Harris Magnifies the Beauty and Dismay of Life’s Late Innings
Baseball has long been admonished for being a too slow, too boring form of entertainment. Alan Harris proves those critiques to be wrong. He uses this sport has a vehicle to talk about life, death and the moments in between. His writing perfectly depicts those players and spectators who are quite ready to go home by the game’s end and those who want to play just one more round of catch, just watch one more game. Harris’ collection Fall Ball is chock full of a powerful somberness, a sardonic wit, mournful stanzas and the inevitability of death. In short, it is a beautiful work of poetry.
Each of Harris’ verses carries a sense of urgency and calmness, of bleakness and joy. There is no time at all, but then again there are years of life stretched out, days painstakingly inching by. Inning, after inning, after inning – until at last the game comes to a close. Life, death – these concepts are inseparable; there is no hope of having one without the other.
At times the absurdity of human existence can seem so overwhelming that it is easier to close one’s eyes and scream than to spend time pondering it. But Harris’ emotive writing distills this natural process in order to create a poetry collection that is constructed of tombstones glistening in an emerald field. His work is able to travel along the lines of uplifting and harrowing.
In “Whisper” he rattles his readers’ bones by stating, “but the child is undeterred / persistent / and quite possibly / rhetorical / asking me once more / ….is that all there is?” The sudden crush of facing their own inner child, who once had heady, grand visions for the future, will rock readers to the core. Yet, Harris does not let his readers descend into despair.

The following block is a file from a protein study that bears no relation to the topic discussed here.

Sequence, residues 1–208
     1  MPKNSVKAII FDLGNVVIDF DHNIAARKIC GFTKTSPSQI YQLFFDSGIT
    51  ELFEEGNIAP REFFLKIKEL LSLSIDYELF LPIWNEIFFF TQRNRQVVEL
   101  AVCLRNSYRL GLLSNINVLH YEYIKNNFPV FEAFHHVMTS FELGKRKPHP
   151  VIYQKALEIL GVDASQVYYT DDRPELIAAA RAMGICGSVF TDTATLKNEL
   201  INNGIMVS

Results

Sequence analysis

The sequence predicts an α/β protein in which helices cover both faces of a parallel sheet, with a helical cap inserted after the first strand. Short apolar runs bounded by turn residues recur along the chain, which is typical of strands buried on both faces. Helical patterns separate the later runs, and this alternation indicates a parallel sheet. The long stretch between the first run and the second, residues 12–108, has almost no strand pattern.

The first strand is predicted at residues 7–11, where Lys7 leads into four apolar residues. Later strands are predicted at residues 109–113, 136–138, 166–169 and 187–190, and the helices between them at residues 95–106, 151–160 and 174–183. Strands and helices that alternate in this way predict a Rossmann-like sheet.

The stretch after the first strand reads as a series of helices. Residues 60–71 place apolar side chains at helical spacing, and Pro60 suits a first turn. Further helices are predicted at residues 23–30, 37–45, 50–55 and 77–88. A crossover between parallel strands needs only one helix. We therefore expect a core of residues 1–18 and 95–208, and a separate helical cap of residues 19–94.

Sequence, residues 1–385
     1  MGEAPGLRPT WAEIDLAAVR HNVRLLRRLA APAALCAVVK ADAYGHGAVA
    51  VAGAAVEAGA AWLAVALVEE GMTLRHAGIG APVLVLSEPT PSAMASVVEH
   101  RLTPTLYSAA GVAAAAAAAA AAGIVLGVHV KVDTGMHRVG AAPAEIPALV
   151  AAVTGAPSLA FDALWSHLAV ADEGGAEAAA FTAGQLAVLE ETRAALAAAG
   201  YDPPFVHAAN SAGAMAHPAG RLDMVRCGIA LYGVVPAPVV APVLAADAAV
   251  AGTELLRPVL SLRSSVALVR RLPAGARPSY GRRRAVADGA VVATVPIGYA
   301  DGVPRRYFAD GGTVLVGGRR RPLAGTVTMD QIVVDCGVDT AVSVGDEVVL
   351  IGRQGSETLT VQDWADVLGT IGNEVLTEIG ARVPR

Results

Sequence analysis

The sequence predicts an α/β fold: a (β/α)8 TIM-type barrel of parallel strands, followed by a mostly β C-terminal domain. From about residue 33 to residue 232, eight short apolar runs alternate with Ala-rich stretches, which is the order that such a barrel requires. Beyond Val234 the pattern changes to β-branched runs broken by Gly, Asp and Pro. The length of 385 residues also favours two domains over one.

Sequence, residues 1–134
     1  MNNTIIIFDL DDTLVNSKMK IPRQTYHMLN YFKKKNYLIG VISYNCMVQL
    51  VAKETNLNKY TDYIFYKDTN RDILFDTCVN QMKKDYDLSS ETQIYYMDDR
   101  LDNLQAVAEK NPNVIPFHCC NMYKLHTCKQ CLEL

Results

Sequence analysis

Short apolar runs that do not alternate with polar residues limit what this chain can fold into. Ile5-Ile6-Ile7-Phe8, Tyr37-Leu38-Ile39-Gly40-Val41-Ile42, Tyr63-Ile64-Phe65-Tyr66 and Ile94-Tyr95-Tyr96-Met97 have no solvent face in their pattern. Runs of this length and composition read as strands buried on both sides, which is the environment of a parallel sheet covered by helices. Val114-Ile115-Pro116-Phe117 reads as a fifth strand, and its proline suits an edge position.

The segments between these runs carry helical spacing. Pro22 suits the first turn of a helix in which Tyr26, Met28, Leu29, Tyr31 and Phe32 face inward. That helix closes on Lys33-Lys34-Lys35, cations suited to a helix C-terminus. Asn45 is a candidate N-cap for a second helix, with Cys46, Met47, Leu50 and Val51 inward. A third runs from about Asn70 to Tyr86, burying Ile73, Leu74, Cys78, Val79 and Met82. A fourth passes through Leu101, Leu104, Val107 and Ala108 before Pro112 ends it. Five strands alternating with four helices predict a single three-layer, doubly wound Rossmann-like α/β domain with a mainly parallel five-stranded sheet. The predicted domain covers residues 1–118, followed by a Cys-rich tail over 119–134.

He picks them up and brushes the dirt of existential crisis off their clothes, explaining that, “…everything has an expiration date / including life / and only a fool / needs to read it on a sign”. This is the nature of things, and it’s better to appreciate the sunlight that makes the game possible rather than waste it. Harris also makes the point that growing older doesn’t result in the complete loss of your inner child: “Thankfully the winter / freed the child within me / Together we try on old mittens / and await the final snowfall”. This bittersweet beauty is a staple of Harris’ collection.
Fall Ball is broken up into four movements, the two most impactful being Lucid Moments and Hospice Bed Confessions. In these sections of the text, he gives a voice to the elders of humanity, those who are treated “…like a shadow in the shade…”, and seen as “…substantially sub-par…”. Though society may try to impose confinement upon them and “…keep children away / making us and death / less visible…”, these older people are still a vital part of humanity.
They should not be kept silent or ignored, and the integration of young and old is actually quite healthy for both parties as the loving poem “The Gift of Young Visitors” argues. The speaker makes a simple, heart wrenching appeal to the readers, “that’s the main reason / to allow children to / mingle with the dying / so much for us to learn from each other”. There is such loneliness and heartbreak in those verses that readers will “….take turns / crying in silence…” Harris’ work begs his readers to remember that “…both patient / and wood had stood tall / through thunder and rain / sunrises and sunsets” when they interact with the elderly.
Fall Ball was published by Finishing Line Press in 2018; it is a moving collection which seeks to educate its readers on the struggles of the dying and also urges them to not waste their time on this spinning stage. Like the elderly, this assembly of poems is worthy of your time and respect.
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